¿es el cenote profundo? | Ezra Glenn | The Hypocrite Reader

Ezra Glenn

¿es el cenote profundo?


All flooded skulls of earth are batik t-shirts on a wire [and so am I]—
which is not to say flat, waxed, or rainbow jaguars are the depths
or particulate-obscured caverns with my face down-flat in them
sucking the sky through a fat straw,
praying no murk pass between my lips, but
holes get worn in us just as easily, or rather hardly, as in them.

All textures want for touch,
but flippers on the rocks form a necessary barrier—
my means of propulsion cum catalyst for withered visibility, literally muddying the waters,
except the mud was born a wet and dusty plant—
Can I kiss this sacrificial basin through a dental dam?

I admit I am terrified of the bottoms of wet depths, even more than of opening a door to find someone just as startled on the other side. Perhaps these are equivalent fears; the moss was expecting neither the bobbing brush of me nor its own forced displacement.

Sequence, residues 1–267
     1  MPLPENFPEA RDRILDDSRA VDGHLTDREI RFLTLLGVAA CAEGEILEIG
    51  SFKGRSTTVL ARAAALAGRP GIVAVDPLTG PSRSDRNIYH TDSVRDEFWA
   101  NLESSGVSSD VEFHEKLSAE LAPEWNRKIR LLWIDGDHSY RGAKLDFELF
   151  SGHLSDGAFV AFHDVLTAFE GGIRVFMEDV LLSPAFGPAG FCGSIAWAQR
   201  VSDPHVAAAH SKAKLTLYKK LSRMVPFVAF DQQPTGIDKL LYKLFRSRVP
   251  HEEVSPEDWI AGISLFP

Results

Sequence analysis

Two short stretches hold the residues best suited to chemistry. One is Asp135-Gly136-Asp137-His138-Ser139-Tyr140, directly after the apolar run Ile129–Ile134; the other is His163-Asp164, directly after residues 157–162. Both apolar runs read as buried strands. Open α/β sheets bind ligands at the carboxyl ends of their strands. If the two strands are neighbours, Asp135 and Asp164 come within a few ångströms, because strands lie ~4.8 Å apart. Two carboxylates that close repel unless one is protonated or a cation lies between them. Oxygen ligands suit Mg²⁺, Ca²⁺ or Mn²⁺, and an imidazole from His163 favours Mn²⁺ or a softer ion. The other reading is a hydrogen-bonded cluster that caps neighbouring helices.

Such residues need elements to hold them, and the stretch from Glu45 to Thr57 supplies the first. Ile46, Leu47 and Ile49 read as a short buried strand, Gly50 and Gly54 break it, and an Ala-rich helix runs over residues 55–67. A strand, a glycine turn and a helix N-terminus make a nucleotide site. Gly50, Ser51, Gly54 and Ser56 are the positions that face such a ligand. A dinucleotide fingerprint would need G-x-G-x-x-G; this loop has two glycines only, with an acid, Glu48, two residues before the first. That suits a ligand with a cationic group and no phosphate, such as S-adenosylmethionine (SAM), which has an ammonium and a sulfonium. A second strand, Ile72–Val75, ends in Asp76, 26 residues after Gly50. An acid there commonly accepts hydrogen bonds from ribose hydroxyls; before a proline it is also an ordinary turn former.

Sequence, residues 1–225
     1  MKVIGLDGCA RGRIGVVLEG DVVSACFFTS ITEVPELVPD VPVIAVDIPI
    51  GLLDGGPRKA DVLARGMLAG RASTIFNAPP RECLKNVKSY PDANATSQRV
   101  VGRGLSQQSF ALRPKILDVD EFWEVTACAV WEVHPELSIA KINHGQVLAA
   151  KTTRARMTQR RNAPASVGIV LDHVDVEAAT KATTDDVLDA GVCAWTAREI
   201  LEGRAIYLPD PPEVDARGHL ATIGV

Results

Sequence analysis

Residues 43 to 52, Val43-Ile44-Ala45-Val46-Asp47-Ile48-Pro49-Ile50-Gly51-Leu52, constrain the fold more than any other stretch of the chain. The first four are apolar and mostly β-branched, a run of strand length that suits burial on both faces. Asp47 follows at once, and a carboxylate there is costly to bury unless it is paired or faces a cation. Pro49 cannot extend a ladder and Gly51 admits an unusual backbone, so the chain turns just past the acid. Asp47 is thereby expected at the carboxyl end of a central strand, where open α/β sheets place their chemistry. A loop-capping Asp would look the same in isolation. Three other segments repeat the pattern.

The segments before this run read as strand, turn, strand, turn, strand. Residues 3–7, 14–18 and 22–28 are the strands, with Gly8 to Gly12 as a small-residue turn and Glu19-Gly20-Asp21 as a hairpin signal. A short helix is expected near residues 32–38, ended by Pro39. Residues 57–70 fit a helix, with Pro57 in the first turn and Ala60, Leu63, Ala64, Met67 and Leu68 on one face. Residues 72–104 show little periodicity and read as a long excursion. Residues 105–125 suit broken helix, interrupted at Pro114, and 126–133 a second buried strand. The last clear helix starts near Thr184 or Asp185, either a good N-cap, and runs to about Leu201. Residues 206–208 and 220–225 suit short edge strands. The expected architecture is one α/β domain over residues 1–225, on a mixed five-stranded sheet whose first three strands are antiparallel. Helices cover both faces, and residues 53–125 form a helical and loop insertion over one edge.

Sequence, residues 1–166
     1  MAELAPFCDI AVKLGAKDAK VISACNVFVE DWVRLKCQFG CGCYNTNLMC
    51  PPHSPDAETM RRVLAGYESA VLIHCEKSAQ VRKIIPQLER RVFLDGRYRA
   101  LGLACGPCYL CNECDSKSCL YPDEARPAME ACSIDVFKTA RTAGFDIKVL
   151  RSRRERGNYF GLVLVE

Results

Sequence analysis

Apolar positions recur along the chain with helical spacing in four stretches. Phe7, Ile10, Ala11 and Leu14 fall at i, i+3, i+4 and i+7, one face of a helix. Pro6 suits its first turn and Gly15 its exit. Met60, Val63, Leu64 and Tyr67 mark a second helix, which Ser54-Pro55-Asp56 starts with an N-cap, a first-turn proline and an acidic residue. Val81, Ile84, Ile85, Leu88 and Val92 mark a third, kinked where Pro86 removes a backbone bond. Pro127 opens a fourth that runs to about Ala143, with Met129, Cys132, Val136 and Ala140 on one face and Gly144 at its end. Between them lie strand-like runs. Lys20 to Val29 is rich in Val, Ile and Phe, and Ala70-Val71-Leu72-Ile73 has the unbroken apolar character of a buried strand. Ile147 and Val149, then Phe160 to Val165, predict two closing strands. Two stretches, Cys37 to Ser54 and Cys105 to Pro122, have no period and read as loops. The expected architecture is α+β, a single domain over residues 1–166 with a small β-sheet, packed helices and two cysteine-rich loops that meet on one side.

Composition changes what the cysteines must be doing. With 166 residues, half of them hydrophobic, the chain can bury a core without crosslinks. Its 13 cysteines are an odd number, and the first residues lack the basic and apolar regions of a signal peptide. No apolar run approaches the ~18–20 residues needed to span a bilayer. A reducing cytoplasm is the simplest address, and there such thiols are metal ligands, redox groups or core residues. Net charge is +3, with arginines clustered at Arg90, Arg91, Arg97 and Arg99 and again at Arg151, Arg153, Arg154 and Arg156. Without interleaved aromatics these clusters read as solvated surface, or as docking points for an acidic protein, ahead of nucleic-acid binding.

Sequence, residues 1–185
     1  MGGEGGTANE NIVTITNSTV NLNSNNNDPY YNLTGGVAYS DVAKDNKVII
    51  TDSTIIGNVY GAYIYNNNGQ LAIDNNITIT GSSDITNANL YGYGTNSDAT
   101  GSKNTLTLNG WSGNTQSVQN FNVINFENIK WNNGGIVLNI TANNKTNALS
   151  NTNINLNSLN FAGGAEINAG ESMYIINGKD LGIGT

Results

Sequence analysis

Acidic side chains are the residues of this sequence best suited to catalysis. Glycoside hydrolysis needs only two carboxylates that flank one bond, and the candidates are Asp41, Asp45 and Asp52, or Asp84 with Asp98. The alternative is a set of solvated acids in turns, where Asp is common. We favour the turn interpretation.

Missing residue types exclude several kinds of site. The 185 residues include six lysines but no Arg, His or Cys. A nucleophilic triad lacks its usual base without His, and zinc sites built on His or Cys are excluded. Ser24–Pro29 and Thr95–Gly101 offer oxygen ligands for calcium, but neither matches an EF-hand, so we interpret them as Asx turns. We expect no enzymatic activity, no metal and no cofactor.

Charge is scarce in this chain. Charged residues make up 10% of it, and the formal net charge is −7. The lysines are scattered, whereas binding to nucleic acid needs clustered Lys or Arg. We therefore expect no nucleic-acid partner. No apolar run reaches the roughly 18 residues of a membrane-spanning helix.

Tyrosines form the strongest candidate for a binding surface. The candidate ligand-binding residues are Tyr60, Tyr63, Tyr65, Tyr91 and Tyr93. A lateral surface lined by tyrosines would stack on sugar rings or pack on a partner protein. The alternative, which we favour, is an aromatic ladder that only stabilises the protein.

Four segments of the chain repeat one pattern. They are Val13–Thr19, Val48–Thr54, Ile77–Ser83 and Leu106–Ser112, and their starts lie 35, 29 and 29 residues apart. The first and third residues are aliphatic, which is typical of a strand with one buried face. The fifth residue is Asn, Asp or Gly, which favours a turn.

I am saved only by my webbed and rubberized foot-extensions.

Here I am, the wax keeping color out again.
I hadn't known this cultural relevance, it gets spun spontaneously before me.
“This is the moon-god,” the salesman tells me.
“This is the jaguar.”
I repeat it all.


I put on the shirt and reflect—
is the gunk of this afternoon still on my hair, in my skin? Probably not:
it was the very soaking by acid deluge that brought me to this purchase, shivering in spite of the ancient chile burn in my mouth, a stark and shitty contrast. Plus it was holy gunk anointing me, rich with the traditions of an invisible civilization. Maybe I'll name my daughter Maya, after the blonde I called my girlfriend in first grade; we were in a polyamorous relationship with the brunette Gabriella. Then I'll unclench my mouth and suck her ancient water into my lungs, ascend her pyramid, and apologize to everyone I ever sacrificed.

Illustration by Jon O'Neill